At Stew Leonard's Deciding Who to Serve First

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Rich Tehrani
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At Stew Leonard's Deciding Who to Serve First

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I had a fascinating trip recently to Stew Leonard’s where I witnessed employees having a conversation about customer service. If you aren’t familiar, “Stews” as we affectionately call it started in 1969 and is a huge grocery store in TMC’s home town of Norwalk, CT which features a small zoo, ice cream area and loads of mechanical creatures singing and dancing to entertain the kids while the parents spend, spend and spend. They part with so much of their money in fact that the store was in the Guinness Book of World Records in 1992 for having the most sales per unit area of any single food store in the US. Ripley’s Believe It or Not! deemed it "The World's Largest Dairy."

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TMC even gave the company an award for awesome customer service some years back. How serious is the company’s commitment to customers? At the front of the store there is a 6,000 pound piece of granite with this carving:

  • Rule #1: The customer is always right!
  • Rule #2 If the customer is ever wrong, reread rule #1.

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Here are some stats from an article I wrote about the company in March of 2000 – the exact month of the internet bubble burst which isn’t related to this entry but puts some perspective on the timing.

  1. Over 100,000 shoppers visit each week
  2. They have been written up in the Guinness Book of World Records for selling more orange juice than any other store in the world
  3. The products at Stew Leonards are sold 7 to 10 times faster than other grocery stores
  4. Many shoppers come from more than 50 miles away to shop at Stews.

Apparently the buzz I overheard in the store had to do with Stew Leonard JR. (pictured above) the charismatic son of the founder of the grocery store who came to work and saw a line. He hates lines it seems. So a worker had to determine whether to serve him or the people in line. I’ve been fortunate enough to be out to dinner at a restaurant where a few tables away Stew Junior was having a meeting with his workers and getting them revved up. He is really good at motivating based on my 30-45 minutes of listening to the man pitch the company and why it’s a great place to work.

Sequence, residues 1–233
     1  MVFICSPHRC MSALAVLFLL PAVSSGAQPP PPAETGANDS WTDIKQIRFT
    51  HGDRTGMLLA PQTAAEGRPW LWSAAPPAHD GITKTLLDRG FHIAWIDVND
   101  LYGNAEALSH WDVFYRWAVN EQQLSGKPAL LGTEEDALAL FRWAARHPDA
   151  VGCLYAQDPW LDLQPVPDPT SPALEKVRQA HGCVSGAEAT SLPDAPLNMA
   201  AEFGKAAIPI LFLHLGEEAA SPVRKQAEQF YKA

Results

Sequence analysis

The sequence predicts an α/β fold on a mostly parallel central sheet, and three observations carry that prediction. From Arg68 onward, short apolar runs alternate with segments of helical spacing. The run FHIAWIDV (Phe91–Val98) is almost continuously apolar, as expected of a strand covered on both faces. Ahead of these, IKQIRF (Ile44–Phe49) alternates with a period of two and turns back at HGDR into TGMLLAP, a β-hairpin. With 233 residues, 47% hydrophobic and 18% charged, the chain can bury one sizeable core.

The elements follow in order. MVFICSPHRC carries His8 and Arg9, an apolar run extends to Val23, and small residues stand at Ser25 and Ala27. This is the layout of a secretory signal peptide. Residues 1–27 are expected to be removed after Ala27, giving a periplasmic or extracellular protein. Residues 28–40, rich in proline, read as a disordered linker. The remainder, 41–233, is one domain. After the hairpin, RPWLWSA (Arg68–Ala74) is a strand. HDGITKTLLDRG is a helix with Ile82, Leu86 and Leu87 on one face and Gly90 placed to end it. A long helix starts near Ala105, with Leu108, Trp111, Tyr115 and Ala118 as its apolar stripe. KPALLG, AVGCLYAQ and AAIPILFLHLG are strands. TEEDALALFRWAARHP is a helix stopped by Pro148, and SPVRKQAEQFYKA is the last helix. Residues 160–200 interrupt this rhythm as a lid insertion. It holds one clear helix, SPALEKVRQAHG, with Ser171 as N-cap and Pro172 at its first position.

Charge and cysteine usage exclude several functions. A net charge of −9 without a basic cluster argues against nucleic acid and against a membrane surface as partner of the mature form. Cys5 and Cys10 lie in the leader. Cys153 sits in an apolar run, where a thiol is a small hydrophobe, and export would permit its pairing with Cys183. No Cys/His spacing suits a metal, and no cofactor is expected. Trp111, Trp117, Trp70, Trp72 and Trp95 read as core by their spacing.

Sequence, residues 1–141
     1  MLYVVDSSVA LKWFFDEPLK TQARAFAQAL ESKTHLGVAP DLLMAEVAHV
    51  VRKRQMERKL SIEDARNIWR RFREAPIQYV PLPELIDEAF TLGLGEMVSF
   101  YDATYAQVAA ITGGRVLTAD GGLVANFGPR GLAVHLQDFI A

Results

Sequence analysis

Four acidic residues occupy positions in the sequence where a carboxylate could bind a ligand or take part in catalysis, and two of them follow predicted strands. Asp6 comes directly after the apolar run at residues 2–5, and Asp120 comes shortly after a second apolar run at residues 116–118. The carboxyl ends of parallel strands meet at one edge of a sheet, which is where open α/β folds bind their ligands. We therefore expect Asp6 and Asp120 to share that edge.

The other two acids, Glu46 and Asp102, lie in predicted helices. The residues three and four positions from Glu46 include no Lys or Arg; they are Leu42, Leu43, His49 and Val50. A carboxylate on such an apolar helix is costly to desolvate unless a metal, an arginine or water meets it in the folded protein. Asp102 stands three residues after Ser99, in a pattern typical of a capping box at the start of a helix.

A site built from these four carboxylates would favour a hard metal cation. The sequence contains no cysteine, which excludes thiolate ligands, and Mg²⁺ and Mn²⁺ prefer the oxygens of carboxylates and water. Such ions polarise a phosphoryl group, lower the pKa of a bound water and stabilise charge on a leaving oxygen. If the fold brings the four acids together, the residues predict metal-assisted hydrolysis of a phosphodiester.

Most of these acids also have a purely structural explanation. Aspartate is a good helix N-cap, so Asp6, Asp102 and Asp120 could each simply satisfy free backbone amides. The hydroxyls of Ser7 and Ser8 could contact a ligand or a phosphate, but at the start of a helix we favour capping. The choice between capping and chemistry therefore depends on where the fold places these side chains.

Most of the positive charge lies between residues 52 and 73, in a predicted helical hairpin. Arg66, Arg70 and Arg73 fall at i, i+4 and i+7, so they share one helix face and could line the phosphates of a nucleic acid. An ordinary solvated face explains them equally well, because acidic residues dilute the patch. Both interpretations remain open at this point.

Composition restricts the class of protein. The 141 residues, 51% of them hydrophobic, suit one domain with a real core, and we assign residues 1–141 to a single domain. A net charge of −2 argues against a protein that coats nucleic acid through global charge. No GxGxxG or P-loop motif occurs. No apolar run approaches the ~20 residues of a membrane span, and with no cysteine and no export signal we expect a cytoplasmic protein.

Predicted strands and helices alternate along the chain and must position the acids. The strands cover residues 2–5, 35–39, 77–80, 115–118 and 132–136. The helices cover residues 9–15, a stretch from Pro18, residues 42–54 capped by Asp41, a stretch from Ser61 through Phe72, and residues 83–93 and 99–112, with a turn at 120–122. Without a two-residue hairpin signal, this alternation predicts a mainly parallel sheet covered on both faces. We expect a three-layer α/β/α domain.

But getting back to the workers – there was a discussion about what you do in this situation… Do you serve the owner or do you serve the customers in line. One person said you serve the customers while another said you ALWAYS serve Stew first.

And this got me thinking – obviously the reason Stew and in fact every other company is in business is because of customers. Rarely do companies deem they have too many people purchasing from them – especially in this economy. So the correct answer to me is you serve the customers first, clear out the line and then get to founder’s son.

For a company which is as customer-focused as Stew’s this seems like a no-brainer.

And more importantly this discussion reminds us of the value of our customers – the importance of servicing them quickly and the need to ensure they are always treated so well they want to come back for more.

As more business moves online, we have to remember that sometimes the intangibles like having a stone in front of your store which makes customers feel good don’t easily translate to the web. This is why we need to be sure to come up with new and innovative ways to ensure customers know we care about them – even as more interactions are automated.

So maybe now is a good time to reexamine your CRM strategy and how you interact with customers in your contact center, on Twitter and Facebook. After all, when the customer feels welcome and they are treated like royalty, Stew Leonard’s amazing success reminds us they have no problem emptying their wallets to purchase loyally from you.



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